Archaeology Update — Learning More About the Construction of the Church’s North Wall
by Alamo Archaeologist Kristi Nichols
Work is ongoing with the installation of the safety bollards around the perimeter of the Plaza. If you visit today, you will see areas being worked on and previously worked on areas open for pedestrian use. Over the past several weeks there have not been significant archaeological finds in the safety bollard locations since much of the impacts are within a zone of concrete and caliche base. This means that there has been little work occurring within intact soils that could contain artifacts.
Archaeological work associated with the preservation of the Church and Long Barrack continues. Six excavation units were active during the week; two on the south side of the Church, two associated with the north wall of the Church, one located on the south side of the Long Barracks, and one small unit located at the threshold of the Church. In addition, the archaeologists worked on backfilling a couple units that have been completed and fully documented.
On the north side of the Church, archaeologists are uncovering interesting information about the construction of the north wall, although the unit is riddled with old utility lines. During the week, a cast-iron pipe and a ceramic pipe were uncovered at approximately 31 inches below datum. The cast-iron pipe may be an old water line, whereas the ceramic pipe is an abandoned sewer line.
Even though there is quite a bit of disturbance from these utilities, the archaeologists are still able to observe the foundation kick-out, and have observed an alignment of stone that appears to be running perpendicular to the north wall of the Church. It is too soon to determine if the stones represent an alignment and, if so, what the purpose of the alignment could be.
Excavations on the south side of the Long Barracks have continued. Excavation Unit 9B is larger than the rest of the units to allow for better observations of the original foundation, the possible seam between the original wall and possibly reconstructed section, and to hopefully gain a better understanding of the cobbled stones that were observed in the base of the unit on the interior of the Long Barrack.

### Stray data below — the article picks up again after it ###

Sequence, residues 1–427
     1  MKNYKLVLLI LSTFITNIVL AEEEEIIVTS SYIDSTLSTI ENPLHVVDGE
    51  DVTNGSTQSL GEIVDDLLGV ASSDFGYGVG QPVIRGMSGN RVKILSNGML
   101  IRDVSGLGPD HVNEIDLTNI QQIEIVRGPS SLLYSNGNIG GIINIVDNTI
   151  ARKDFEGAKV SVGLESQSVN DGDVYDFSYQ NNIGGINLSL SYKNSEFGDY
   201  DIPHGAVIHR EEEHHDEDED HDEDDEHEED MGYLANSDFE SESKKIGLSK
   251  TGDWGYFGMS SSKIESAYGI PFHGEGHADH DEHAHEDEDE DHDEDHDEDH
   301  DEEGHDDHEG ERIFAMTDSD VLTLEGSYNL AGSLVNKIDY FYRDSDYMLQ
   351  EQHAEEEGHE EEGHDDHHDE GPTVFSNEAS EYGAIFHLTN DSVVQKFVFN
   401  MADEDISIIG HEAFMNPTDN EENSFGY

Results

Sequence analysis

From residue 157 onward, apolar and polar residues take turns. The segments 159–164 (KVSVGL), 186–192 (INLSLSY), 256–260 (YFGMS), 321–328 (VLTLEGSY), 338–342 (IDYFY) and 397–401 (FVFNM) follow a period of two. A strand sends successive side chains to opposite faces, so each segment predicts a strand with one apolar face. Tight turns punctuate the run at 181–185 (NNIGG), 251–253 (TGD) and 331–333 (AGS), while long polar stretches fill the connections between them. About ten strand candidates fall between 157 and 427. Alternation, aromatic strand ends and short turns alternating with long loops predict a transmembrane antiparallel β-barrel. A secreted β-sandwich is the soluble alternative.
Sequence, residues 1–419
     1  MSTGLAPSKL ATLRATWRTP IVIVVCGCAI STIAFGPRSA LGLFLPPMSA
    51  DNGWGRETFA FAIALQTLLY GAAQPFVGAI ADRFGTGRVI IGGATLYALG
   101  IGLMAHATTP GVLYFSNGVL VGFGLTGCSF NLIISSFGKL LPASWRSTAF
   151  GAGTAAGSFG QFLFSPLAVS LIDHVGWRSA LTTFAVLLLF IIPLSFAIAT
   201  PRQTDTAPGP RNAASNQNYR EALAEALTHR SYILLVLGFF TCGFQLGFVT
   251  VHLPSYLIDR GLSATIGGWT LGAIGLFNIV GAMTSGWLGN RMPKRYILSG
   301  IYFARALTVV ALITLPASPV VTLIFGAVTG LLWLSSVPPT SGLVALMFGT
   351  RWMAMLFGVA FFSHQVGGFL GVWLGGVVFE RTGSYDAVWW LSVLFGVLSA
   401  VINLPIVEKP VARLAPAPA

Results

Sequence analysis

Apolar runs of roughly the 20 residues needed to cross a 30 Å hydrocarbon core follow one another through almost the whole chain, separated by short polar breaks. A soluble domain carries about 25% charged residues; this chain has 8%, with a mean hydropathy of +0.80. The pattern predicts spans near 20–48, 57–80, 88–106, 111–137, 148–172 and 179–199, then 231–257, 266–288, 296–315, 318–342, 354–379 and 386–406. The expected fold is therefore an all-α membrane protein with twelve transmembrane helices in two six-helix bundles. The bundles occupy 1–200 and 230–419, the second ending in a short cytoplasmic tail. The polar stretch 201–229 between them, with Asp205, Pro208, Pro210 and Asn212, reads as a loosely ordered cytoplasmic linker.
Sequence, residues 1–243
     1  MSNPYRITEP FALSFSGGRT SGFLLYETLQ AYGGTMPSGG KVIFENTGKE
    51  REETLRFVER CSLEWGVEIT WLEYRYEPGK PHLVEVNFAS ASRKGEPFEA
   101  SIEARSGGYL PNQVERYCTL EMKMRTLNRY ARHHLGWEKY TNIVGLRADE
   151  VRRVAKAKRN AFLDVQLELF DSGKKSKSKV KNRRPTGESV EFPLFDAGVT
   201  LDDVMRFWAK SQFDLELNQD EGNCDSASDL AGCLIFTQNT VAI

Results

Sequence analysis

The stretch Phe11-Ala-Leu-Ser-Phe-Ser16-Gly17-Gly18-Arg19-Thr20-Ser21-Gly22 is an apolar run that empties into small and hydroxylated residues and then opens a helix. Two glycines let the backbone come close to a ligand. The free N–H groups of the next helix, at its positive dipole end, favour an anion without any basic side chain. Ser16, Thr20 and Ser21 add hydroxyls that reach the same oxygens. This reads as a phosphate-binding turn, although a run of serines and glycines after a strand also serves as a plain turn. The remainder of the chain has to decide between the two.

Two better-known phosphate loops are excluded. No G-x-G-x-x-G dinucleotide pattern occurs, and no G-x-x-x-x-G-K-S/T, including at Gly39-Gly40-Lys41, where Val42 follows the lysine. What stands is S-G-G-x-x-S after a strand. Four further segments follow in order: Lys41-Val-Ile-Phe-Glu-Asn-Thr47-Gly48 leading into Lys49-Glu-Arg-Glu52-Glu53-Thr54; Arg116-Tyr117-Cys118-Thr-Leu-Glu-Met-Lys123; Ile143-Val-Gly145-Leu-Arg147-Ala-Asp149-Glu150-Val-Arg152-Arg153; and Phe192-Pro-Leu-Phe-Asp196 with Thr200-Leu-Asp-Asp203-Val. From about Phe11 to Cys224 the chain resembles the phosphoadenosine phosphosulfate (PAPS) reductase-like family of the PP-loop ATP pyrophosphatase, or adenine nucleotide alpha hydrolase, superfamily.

Excavations on the south side of the Church have encountered dark clay soils that contain very little artifacts. Archaeologists are reporting that they are mostly encountering snail shell, and stone flakes, likely representing the very early mission period or even prehistoric use of the land.
A small unit was excavated in at the threshold of the Church door in search of the threshold stone. Excavation occurred in the mornings prior to the opening of the Church to the general public as not to impact access to the Church. The historic architects were hoping to find a solid stone representing the entry way into the Church. Excavations revealed that the threshold in the area that was opened consisted of several stones placed in a lime slurry mixture acting as the mortar which is similar to what has been seen in the construction of the foundation. Archaeologists plan to complete their documentation and close the unit.
Phase I archaeology permit applications were presented to the Texas Historical Commission during the week. The THC approved the archaeology permits with a few clarifications. Archaeological work associated with the improvements to the southern portion of Alamo Plaza and along Crockett Street will be able to proceed.
Archaeological investigations associated with the installation of the safety bollards and the investigations associated with the preservation of the Church and Long Barrack will continue in the following week.